When I do think of the play, I often think of the post show conversation with the company more than the play itself. I can’t help but think that the company was a bit disappointed by the questions and comments from those who stayed to discuss the play. One group of questions expressed frustration that Falmouth remained largely detached and missed his opportunities to do the right thing. As audience members, we are hoping for the protagonist to rise to the occasion, but the verisimilitude of the play would make this unlikely. Falmouth does grow in the play: he is able to move from a self-absorbed despondency to a self-absorbed sobriety and productivity. Taking on the full responsibility of an altruistic adult would have been too much to ask in the short arc of the play. Likewise, Vera has significantly matured in the year since the showdown over the book. But she too has only come so far. She is sobered by the impulsive choice she made and is now making adult responses to her situation. Yet she hangs on to her infatuation with Falmouth’s fictional characters. Roberta Cupp (Carla Joseph) speaks eloquently for her church, which is leading the charge against the book. She is able to have brief moments of human connection with Falmouth, but not the breakthrough that the audience longs for.

Another set of audience questions placed the blame on the high school English teacher for not properly guiding the students through a potentially dangerous book. I think this response is an understandable one: to blame the book would be to come down on the side of censorship, so it must be someone’s fault. After all, 40 girls ran away from the small town, many intentionally becoming pregnant, and one girl commits suicide. But if it is the English teacher’s fault that the 40 girls ran away in response to the book, then it must be the religious community’s responsibility that Tami Lake’s understanding of a different book caused her to turn toward suicide.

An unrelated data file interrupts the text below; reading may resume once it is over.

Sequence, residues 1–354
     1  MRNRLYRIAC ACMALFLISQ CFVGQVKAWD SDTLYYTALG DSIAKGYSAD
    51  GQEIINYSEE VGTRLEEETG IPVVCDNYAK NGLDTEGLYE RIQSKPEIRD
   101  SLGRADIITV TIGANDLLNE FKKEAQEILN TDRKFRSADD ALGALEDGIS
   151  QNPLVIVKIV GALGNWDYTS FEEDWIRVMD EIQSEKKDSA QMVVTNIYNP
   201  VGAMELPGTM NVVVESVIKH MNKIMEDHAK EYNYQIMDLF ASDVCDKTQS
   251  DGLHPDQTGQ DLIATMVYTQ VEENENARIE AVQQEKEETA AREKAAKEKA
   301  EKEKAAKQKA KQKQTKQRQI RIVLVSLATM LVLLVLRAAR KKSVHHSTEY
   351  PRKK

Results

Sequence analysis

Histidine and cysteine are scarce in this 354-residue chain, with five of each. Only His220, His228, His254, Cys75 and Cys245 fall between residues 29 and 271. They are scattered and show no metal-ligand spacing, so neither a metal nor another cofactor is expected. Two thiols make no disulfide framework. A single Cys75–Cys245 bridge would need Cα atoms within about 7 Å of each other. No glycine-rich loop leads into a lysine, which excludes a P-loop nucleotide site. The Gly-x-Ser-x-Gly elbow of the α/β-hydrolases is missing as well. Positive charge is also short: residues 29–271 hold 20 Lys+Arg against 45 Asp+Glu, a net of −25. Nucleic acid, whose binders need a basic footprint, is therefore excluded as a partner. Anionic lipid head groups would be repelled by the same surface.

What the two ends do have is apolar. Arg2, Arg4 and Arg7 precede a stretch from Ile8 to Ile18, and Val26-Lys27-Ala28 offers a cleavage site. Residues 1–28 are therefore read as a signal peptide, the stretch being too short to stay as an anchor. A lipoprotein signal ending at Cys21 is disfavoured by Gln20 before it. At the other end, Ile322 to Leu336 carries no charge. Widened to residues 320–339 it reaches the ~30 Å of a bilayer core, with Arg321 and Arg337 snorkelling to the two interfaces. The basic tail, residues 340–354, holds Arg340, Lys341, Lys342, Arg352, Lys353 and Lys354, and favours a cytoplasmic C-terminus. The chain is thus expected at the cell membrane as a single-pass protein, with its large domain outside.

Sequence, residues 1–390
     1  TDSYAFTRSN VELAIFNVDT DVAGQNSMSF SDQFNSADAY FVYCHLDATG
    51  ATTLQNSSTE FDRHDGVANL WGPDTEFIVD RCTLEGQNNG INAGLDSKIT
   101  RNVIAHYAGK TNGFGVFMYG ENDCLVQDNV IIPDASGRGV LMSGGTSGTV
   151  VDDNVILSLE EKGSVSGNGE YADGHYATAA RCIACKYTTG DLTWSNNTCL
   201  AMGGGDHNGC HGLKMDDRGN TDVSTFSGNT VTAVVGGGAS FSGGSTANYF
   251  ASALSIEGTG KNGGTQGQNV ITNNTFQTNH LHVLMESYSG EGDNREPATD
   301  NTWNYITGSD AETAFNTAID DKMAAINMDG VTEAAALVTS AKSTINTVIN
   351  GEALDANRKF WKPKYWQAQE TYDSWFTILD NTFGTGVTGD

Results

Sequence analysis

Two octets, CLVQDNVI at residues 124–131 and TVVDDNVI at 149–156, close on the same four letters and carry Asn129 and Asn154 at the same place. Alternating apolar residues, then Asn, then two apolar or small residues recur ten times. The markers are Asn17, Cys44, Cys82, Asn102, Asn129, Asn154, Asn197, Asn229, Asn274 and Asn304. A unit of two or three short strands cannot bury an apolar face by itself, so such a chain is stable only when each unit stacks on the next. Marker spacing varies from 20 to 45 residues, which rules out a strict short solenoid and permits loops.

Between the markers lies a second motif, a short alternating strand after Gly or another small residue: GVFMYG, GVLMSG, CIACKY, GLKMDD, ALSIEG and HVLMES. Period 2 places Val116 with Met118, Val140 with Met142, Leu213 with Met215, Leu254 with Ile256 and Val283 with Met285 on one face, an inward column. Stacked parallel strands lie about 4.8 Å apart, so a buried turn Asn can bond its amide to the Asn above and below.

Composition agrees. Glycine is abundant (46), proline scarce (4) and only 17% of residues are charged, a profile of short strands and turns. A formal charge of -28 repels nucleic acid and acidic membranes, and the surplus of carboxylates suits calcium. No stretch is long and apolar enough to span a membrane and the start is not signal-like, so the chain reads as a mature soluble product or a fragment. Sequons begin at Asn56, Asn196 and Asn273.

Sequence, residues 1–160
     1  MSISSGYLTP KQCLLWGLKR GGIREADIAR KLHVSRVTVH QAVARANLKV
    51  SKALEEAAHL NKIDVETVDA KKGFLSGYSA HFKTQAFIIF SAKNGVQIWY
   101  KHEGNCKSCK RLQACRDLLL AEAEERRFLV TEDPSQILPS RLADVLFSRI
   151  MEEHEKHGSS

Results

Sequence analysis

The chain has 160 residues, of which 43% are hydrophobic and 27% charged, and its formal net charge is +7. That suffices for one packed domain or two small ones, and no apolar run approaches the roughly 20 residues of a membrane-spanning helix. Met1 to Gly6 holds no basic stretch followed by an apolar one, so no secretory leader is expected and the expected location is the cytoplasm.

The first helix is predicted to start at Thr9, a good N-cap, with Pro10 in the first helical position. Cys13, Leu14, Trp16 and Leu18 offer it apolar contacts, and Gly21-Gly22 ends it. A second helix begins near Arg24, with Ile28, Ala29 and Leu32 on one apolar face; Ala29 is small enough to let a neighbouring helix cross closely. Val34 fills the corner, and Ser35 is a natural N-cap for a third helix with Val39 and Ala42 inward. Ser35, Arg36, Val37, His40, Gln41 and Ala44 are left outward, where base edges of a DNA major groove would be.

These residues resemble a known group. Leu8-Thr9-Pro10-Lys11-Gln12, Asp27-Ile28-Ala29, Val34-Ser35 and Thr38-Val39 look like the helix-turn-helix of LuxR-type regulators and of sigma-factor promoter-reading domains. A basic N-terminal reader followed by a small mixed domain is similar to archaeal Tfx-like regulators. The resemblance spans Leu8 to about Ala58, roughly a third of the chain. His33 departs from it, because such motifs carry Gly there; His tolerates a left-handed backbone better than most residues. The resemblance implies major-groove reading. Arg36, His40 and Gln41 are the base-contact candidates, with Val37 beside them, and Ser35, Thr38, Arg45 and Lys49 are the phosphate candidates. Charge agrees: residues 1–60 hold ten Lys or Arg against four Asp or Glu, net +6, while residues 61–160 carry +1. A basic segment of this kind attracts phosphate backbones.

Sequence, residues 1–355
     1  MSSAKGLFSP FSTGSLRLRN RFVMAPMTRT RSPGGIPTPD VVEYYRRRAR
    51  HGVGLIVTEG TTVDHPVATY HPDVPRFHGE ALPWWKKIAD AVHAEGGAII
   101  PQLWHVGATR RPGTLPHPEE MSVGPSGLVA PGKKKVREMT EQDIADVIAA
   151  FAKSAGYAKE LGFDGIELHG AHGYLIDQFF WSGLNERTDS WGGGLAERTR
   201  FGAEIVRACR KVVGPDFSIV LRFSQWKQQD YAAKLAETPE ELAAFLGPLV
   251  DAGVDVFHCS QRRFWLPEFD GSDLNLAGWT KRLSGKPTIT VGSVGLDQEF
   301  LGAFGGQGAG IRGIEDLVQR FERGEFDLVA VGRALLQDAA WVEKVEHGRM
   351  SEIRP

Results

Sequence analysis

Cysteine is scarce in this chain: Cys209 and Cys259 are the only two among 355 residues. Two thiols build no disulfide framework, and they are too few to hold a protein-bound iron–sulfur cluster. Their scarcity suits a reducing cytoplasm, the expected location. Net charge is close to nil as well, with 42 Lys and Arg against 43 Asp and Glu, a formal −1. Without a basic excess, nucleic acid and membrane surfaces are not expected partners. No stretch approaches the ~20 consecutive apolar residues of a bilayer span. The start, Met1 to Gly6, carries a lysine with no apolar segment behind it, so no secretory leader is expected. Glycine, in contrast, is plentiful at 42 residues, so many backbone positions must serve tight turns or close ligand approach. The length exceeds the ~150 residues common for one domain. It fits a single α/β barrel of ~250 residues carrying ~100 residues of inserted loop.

Rapp’s treatment of the interactions of characters on stage maintains a reliable verisimilitude, even while the play is surrounded by the inconceivable in a way that the audience doesn’t question. For example, a full-sized statue of Tami Lake appears just after she commits suicide. Forty-girls from a small town high school are moved by a work of fiction enough to secure a mortgage on a farm in Montana and move there before any of their parents are able to stop them. And most fantastic of all, everyone in the small town seems to have read the book and knows more about what is in the book than the clueless author. Even those who hate its content readily tell the author what a great writer he is—the vigilante thugs even quote from the book. This tendency of the audience to accept the fantastic perhaps leaves the audience willing to blame someone—the author, the church, the school—for actions that are highly unlikely while missing the point of the teen suicide which is all too common.

While Rap’s play, and presumably Commonweal’s interpretation of the play, doesn’t provide answers to the questions and doesn’t provide us with a feel-good protagonist who saves the day, there is a pivotal scene where the English teacher, Stacey Kinsella (Brandon Grayson), lying on what might be his death bed, asks Falmouth to read a specific passage from his book. In the passage, a girl tells her father that she is pregnant. The scene is full of both fear and hope, as the girl’s future lies with the father’s response. We never learn what the father says, but from what the play does disclose about the book, the father missed his opportunity.